IDEAS home Printed from https://ideas.repec.org/a/bpj/bejeap/v8y2008i1n24.html
   My bibliography  Save this article

Effects of Electoral Rules, Political Competition and Corruption on the Size and Composition of Government Consumption Spending: An Italian Regional Analysis

Author

Listed:
  • Baraldi A. Laura

    () (Second University of Naples)

Abstract

This paper analyses how proportionality of the electoral system, political competition and corruption affect the total amount of Italian regional public consumption expenditure and alter the public budget structure. The Italian case is particular: from 1993 the country underwent a change in the electoral system (from proportional to majoritarian) and, at the same time, a campaign was waged against the corruption of public bureaucrats. The aim of this work is to study the political determinants of public consumption spending, and more specifically the role played by political institutions (meaning electoral rules), the intensity of political competition in the "votes' market" and the corruption of public bureaucracy. We used panel data for 20 Italian regions from 1980 to 2003 in order to estimate a quantity effect and an allocation effect of the degree of proportionality of the electoral system, political competition and corruption of public bureaucracy on public consumption spending. The quantity effect of the proportionality of the electoral system and of the degree of political competition is positive; the same holds for corruption, meaning that corruption increases the total level of public spending. Analysis of the allocation effect shows that corruption, rather than the electoral system and political competition, alters the public budget structure towards social services and securities and general service sectors instead of education and health, leading to important policy implications.

Suggested Citation

  • Baraldi A. Laura, 2008. "Effects of Electoral Rules, Political Competition and Corruption on the Size and Composition of Government Consumption Spending: An Italian Regional Analysis," The B.E. Journal of Economic Analysis & Policy, De Gruyter, vol. 8(1), pages 1-37, July.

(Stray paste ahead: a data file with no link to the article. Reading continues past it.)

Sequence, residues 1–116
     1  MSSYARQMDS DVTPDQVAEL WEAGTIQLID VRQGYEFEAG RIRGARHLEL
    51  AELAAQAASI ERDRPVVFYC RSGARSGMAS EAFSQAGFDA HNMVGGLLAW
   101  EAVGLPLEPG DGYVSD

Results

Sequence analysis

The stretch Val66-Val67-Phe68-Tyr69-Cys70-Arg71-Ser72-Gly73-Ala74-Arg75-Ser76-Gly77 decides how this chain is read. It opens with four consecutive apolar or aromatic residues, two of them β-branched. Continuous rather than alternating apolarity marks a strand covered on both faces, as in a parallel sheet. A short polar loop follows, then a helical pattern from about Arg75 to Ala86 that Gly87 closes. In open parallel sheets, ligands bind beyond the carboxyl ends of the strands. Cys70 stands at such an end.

• Handle: RePEc:bpj:bejeap:v:8:y:2008:i:1:n:24
    as

    Download full text from publisher

    File URL: https://www.degruyter.com/view/j/bejeap.2008.8.1/bejeap.2008.8.1.1825/bejeap.2008.8.1.1825.xml?format=INT
    Download Restriction: For access to full text, subscription to the journal or payment for the individual article is required.

    As the access to this document is restricted, you may want to search for a different version of it.

    References listed on IDEAS

    as
    1. Erwin H Tiongson & Hamid R Davoodi & Sanjeev Gupta, 2000. "Corruption and the Provision of Health Care and Education Services," IMF Working Papers 00/116, International Monetary Fund.
    2. Besley, Timothy J. & Persson, Torsten & Sturm, Daniel M, 2005. "Political Competition and Economic Performance: Theory and Evidence from the United States," CEPR Discussion Papers 5138, C.E.P.R. Discussion Papers.
    3. Roubini, Nouriel & Sachs, Jeffrey D., 1989. "Political and economic determinants of budget deficits in the industrial democracies," European Economic Review, Elsevier, vol. 33(5), pages 903-933, May.
    4. Persson, Torsten & Tabellini, Guido, 1999. "The size and scope of government:: Comparative politics with rational politicians," European Economic Review, Elsevier, vol. 43(4-6), pages 699-735, April.
    5. repec:cup:apsrev:v:100:y:2006:i:01:p:115-131_06 is not listed on IDEAS
    6. Pranab Bardhan, 1997. "Corruption and Development: A Review of Issues," Journal of Economic Literature, American Economic Association, vol. 35(3), pages 1320-1346, September.
    7. Del Monte, Alfredo & Papagni, Erasmo, 2007. "The determinants of corruption in Italy: Regional panel data analysis," European Journal of Political Economy, Elsevier, vol. 23(2), pages 379-396, June.
    8. Bardhan, Pranab & Yang, Tsung-Tao, 2004. "Political Competition in Economic Perspective," Department of Economics, Working Paper Series qt1907c39n, Department of Economics, Institute for Business and Economic Research, UC Berkeley.
    9. Myerson Roger B., 1993. "Effectiveness of Electoral Systems for Reducing Government Corruption: A Game-Theoretic Analysis," Games and Economic Behavior, Elsevier, vol. 5(1), pages 118-132, January.
    10. Gupta, Sanjeev & de Mello, Luiz & Sharan, Raju, 2001. "Corruption and military spending," European Journal of Political Economy, Elsevier, vol. 17(4), pages 749-777, November.